In A History of the Paper Pattern Industry, author Joy Spanabel Emery explores the history of the paper sewing pattern, from the very first published works for tailors to today’s printed patterns for home sewists. She looks at how the printed format, fashion styles, marketing, and consumption of paper patterns have evolved through the years.
Included are 125 full color illustrations and 75 black & white illustrations. (The photos you see in this review are all black & white because my pre-release copy did not include color.)
And at the end, 9 complete sewing patterns to make reproduction vintage garments from different eras. (Brief assembly instructions are included. You will need to scale the pieces up to full size in order to use them.)
This is an academic book appropriate for someone who is wanting to make serious study of vintage patterns. This book would be an excellent resource for vintage pattern collectors!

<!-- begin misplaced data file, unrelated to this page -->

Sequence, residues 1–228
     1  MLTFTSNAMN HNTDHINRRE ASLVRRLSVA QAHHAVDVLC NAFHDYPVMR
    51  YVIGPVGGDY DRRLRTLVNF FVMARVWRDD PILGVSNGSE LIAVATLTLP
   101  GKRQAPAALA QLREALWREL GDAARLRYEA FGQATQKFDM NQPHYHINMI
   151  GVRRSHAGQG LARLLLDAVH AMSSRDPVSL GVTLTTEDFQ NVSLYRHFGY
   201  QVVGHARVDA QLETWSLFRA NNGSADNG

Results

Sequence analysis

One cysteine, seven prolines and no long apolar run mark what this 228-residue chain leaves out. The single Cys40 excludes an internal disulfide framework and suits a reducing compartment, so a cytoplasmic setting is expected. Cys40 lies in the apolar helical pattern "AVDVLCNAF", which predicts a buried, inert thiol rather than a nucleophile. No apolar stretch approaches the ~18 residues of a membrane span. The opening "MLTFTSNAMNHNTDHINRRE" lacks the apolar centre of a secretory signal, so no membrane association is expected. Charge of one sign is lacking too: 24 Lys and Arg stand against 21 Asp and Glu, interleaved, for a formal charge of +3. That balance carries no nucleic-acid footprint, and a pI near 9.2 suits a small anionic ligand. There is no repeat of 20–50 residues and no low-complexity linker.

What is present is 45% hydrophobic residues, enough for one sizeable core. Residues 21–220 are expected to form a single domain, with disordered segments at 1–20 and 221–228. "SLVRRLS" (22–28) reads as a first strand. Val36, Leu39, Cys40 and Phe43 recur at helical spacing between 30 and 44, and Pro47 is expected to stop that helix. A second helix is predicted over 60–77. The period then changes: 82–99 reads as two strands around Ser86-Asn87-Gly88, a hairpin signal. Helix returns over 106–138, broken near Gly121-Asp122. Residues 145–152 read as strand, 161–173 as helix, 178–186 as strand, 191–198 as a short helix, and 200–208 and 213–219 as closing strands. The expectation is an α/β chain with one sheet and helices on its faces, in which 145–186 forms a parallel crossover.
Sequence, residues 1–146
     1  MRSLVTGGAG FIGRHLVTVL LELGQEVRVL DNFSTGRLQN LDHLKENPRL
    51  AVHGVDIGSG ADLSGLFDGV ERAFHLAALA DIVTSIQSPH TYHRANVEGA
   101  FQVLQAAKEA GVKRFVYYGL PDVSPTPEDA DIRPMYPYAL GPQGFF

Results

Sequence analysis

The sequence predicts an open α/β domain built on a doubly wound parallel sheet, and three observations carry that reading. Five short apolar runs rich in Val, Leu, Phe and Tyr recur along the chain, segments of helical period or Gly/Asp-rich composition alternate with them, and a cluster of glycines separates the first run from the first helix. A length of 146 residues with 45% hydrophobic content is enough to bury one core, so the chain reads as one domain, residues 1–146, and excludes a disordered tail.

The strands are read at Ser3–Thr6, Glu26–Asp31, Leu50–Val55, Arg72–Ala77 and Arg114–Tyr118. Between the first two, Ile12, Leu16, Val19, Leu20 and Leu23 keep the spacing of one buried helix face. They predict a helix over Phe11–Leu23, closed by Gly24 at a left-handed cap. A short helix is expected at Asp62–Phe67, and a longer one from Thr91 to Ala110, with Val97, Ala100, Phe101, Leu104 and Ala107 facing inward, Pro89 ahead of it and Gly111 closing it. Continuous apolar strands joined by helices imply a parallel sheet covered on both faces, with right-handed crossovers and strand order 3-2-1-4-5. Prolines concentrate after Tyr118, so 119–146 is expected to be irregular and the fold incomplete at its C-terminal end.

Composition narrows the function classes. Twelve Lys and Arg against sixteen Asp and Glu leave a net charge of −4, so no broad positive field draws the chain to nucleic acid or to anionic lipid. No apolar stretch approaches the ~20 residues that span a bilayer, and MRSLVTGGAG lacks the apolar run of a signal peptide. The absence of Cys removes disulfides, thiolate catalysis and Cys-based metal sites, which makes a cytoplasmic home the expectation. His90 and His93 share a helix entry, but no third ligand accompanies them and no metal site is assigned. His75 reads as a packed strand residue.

I don’t know that I fall into the category of a vintage pattern collector, but I do find myself drawn to older sewing patterns. And I’ve long been intrigued with the paper sewing pattern as a technical document. So much information packed within a relatively small space! Now that I’m reading through A History of the Paper Pattern Industry, I’m learning more about historical context of older sewing patterns.
One section I found particularly interesting was that on the effect of 1940s rationing on the styles of clothing available in sewing patterns. Not only was yardage restricted for the home sewist, but the styles were restricted as well. A “no fabric over fabric” rule meant there could be no patch pockets or knife pleats. Skirt circumference could be no more than 72”. The next time I pick up a 1940s pattern, I’ll see the designs with a new layer of appreciation.
I have a copy of A History of the Paper Pattern Industry to give away to one Craft Gossip reader. To enter, leave a comment here telling me your favorite decade for style. I’ll choose one comment at random as the winner.
Deadline for entry is midnight CST, June 17, 2014.